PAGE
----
For example, a Standard Oil gas station built in the 1930’s was converted to a wine bar and restaurant in St. Louis, Missouri. A 1921 Esso filling station in Warrenton, Virginia has become the Red Truck Bakery. Brian Noyes, who had worked as art director of Preservation Magazine, chose the building partly because of its potential customers. Noyes explained, “I liked that it was next door to the courthouse, across the street from the library, and adjacent to the county offices.”

To see a video of old fashioned gas stations, go to Compilation of Old Vintage Gas Stations YouTube at https://www.youtube.com/watch?v=6TQVS5QALUg.

—By Karen Centowski

WHAT’S THE WORST CAUSE OF AUTOMOBILE ACCIDENTS?

Car Crash

Ever since the Model T began to be mass produced by the Ford Motor Company in 1908, Americans have had a love affair with cars. Approximately 253 million cars and trucks are on the road in the United States. Unfortunately, according to the National Safety Council, there were 38,300 people killed and 4.4 million injured on U.S. roads in 2015. This was the largest one-year percentage increase in fifty years.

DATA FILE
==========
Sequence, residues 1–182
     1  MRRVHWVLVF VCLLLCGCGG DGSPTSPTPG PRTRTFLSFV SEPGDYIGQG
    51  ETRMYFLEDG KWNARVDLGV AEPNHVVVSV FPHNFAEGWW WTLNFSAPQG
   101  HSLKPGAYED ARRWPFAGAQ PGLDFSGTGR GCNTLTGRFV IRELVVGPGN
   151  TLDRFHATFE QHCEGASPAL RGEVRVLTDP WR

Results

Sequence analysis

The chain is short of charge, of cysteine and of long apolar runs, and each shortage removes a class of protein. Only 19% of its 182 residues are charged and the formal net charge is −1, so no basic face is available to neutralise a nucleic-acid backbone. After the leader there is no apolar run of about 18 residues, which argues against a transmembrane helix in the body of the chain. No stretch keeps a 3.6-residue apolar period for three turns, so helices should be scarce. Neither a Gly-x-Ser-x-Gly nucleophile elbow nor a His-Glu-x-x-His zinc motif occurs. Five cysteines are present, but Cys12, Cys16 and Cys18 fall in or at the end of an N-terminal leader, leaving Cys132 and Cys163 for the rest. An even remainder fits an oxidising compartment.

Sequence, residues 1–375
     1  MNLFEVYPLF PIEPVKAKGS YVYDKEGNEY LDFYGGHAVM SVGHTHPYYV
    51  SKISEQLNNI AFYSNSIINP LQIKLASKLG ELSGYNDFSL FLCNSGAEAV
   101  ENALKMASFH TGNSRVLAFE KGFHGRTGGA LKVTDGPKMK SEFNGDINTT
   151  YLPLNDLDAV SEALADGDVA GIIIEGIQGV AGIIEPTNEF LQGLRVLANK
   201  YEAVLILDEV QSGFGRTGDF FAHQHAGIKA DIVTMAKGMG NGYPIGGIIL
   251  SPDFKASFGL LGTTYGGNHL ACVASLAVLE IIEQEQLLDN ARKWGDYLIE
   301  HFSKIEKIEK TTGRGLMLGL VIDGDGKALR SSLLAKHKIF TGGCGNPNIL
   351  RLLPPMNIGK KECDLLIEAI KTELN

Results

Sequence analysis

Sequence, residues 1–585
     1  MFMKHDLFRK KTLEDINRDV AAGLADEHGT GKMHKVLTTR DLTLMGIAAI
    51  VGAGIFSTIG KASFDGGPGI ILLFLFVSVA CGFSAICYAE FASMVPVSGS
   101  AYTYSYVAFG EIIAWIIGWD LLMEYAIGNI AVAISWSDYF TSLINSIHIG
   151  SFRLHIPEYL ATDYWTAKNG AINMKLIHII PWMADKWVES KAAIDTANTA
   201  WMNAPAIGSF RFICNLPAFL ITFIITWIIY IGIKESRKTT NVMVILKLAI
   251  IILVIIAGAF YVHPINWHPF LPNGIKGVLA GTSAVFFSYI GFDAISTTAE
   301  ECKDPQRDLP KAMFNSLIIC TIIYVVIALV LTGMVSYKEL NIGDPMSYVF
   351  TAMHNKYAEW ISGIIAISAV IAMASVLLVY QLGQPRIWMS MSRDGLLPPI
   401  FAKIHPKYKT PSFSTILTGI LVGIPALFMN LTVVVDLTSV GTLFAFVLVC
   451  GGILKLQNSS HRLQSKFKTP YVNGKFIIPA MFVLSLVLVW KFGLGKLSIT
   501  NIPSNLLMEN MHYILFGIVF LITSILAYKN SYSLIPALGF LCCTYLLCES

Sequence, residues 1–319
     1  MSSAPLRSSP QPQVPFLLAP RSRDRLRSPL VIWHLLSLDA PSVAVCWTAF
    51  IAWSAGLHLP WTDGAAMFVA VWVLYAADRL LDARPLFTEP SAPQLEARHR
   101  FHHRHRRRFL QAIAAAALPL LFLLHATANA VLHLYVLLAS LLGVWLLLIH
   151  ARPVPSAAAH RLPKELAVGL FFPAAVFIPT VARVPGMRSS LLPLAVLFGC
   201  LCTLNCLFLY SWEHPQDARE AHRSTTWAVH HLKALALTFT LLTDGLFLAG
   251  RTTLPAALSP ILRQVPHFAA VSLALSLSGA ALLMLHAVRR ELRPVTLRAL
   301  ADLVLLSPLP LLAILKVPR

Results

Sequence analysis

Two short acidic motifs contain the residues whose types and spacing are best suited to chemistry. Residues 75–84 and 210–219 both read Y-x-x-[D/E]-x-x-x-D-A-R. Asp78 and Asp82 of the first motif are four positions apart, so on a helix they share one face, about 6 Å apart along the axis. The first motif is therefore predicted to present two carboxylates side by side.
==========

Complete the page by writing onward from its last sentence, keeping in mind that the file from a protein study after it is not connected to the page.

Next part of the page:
So what are the causes of these accidents? Some can be blamed on weather conditions such as rain, fog, ice, and snow. A few can be attributed to vehicle design defects and vehicle failure such as tire blowouts. A few can be blamed on potholes and deadly curves and animals crossing the road.

More often, the drivers are to blame for the accidents. Street racing, reckless driving, running red lights, running stop signs, unsafe lane changes, wrong way driving, improper turns, driving under the influence of drugs, and drowsy driving are among the top twenty-five causes of automobile accidents. Add to that other behaviors such as tailgating and road rage.